George III and Hannah Lightfoot

Oil painting on canvas, Called Hannah Lightfoot, Mrs Axford (1730-c.1759), ‘The Fair Quakeress’, by Sir Joshua Reynolds (Plympton 1723 – London 1792), circa 1756. A painted oval half-length portrait of a young woman, turned to the right, gazing to the right, brown hair dressed back with a pink ribbon, in white satin dress edged with lace and decorated with pink bows, with a pink ribbon frill around her neck.

Hannah Lightfoot, if you believe these things, was the mistress of George, Prince of Wales. She was born in 1730, the daughter of a shoemaker in Wapping. Three or so years later her father died and she was adopted by her uncle Henry Wheeler, a linen draper. So far so good. Hannah, a quaker, married clandestinely outside the Friends. it wasn’t long before she discovered her error and fled her husband, a man named Isaac Axford. This was 1755. There was nothing more heard of Hannah and in 1759 Isaac remarried. he either thought she was dead or since Lord Hardwicke’s Marriage Act was passed in 1753 he believed that the union was invalid – clandestine marriages being banned at that time.

And then we start moving into the realms of gossip and conspiracy. Wheeler’s merchandise was sold at St James’ Market and it just so happens that the Young Prince of Wales noticed her there…or at a ball…take your pick. The Public Advertiser of 7 September 1770 calls her the ‘Fair Quaker’ and it suggests that she and the Prince of Wales were having an affair. In some versions of the story George persuaded her to marry Axford and in other versions she just marries George and moves to Peckham. In 1866 Mrs Lavinia Ryves went to court claiming that her mother was the illegitimate daughter of the Duke of Cumberland – the brother of George III. Her mother Olive, claimed that George III left her £15,000 as his niece. The claim was thrown out. More documents appeared including a marriage between George and Hannah in 1759 – in two different places! The first at Kew Chapel and the following month, May, in Peckham. The officiant on both occasions was James Wilmot.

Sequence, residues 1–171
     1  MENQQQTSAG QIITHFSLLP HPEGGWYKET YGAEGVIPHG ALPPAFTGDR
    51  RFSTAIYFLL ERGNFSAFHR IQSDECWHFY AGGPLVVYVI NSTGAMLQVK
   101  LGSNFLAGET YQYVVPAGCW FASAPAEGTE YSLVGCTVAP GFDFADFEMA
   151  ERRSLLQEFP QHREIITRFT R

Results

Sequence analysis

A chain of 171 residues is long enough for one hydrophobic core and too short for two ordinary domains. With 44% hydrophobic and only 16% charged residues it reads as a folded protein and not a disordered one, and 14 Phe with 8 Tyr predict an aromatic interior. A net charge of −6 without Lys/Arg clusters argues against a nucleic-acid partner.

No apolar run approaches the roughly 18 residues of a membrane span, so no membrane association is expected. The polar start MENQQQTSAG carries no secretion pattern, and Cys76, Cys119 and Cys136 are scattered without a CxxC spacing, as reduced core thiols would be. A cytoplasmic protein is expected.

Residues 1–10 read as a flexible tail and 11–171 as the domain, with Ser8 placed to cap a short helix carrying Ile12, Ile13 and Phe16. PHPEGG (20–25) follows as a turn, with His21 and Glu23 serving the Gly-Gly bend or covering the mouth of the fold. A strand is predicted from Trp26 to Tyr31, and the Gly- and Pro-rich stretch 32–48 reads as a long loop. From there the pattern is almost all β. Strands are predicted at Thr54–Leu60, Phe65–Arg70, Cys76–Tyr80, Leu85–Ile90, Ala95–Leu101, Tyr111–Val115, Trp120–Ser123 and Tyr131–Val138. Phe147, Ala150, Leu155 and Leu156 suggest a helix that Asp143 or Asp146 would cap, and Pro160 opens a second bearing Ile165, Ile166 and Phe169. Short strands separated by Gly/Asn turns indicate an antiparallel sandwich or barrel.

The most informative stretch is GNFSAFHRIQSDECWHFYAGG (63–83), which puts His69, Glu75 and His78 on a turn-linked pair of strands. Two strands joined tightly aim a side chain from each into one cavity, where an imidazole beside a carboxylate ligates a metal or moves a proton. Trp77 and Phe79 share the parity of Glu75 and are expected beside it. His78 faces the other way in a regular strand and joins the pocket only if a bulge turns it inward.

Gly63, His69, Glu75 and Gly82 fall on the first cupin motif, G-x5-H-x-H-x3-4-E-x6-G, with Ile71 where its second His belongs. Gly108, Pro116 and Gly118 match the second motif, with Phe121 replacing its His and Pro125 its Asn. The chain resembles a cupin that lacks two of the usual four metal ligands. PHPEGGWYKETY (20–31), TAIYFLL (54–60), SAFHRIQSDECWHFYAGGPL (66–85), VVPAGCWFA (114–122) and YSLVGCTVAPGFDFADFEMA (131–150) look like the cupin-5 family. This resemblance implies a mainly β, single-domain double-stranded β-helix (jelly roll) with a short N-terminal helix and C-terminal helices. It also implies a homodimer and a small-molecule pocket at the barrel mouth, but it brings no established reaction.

There were two sons and a daughter.

And now for the conspiracy theories! in 1845 the parish records of St Anne’s Chapel Kew were stolen and later found in the Thames…without the records. And in Carmarthen the grave of Charlotte Dalton, the grand daughter of Hannah perhaps explains the presence of the George III pipe organ – made for the king in a church with no known royal connections. There was a television programme about it in the 1990s but in truth the genuine family history of the family purporting to be that of George III is a long way distant from royalty.

Tendered, Mary L., The Fair Quaker Hannah Lightfoot and Her Relations with George III (London: 1910)

Lindsay, John, The Lovely Quaker, (London, 1939)

And then we start moving into the mists

10 thoughts on “George III and Hannah Lightfoot

  1. Hannah Lightfoot and King George the III are supposed to be my 6th Great Grandparents on my father’s side. I have a lot of documents showing my family in his line but I am still researching it, some hypothesis, some is verified. Seems there is always a different story about them two so it’s hard to know which one is true.

  2. The true story was concealed within the Royal Family’s archives and was never revealed for almost 200 years until the actual marriage certificate was made public in 1966. However, according to the Royal Marriages Act 1772, a marriage by a member of the Royal Family is invalid unless it first receives the Sovereign’s consent. The Royal Marriages Act 1772 was replaced in 2013 with the Succession to the Crown Act whereby the line of succession now goes to the eldest child born after October 28, 2011, regardless of sex, ended disqualification for marrying a Roman Catholic, and seeking the Sovereign’s approval to marry now only applies to the first six persons in line to the throne. So, the marriage between George, Prince of Wales, and Hannah Lightfoot, did take place but it was not validated in advance by King George II and likely would have never received consent anyway. It was likely scandalous in the days of King George II whereby the marriage of a future king (George, Prince of Wales who became King George III) should be with a member of royalty or nobility. One of the sons of George, Prince of Wales, and Hannah Lightfoot was General John Mackelcan. The name ‘Mackelcan’ in Gaelic means ‘Son of the White Horse’ the emblem of the House of Hanover to which King George III belonged. General John Mackelcan married at the Isle of Guernsey and died in 1838. He had four sons and three daughters. One of the sons of General John Mackelcan, Dr. John Mackelcan, moved to Canada in the mid-1800s and died in Hamilton, Ontario. Several generations of descendants still live in Canada and the U,S.

    • it does rather – but then George was a 15 year old under close supervision of his mother and Lord Bute. Hannah Lightfoot definitely disappeared but whether she ran away, was abducted or murdered is another matter entirely. There’s circumstantial evidence, rumour and gossip – so I’m quite happy with the starting point ‘if you believe the things’ – there’re plenty of other historical examples lacking sufficient evidence to draw concrete conclusions – that’s not to say evidence may not be uncovered at a later date – look at Richard III’s skeleton as a really good instance of someone pursuing the evidence and finding answers.

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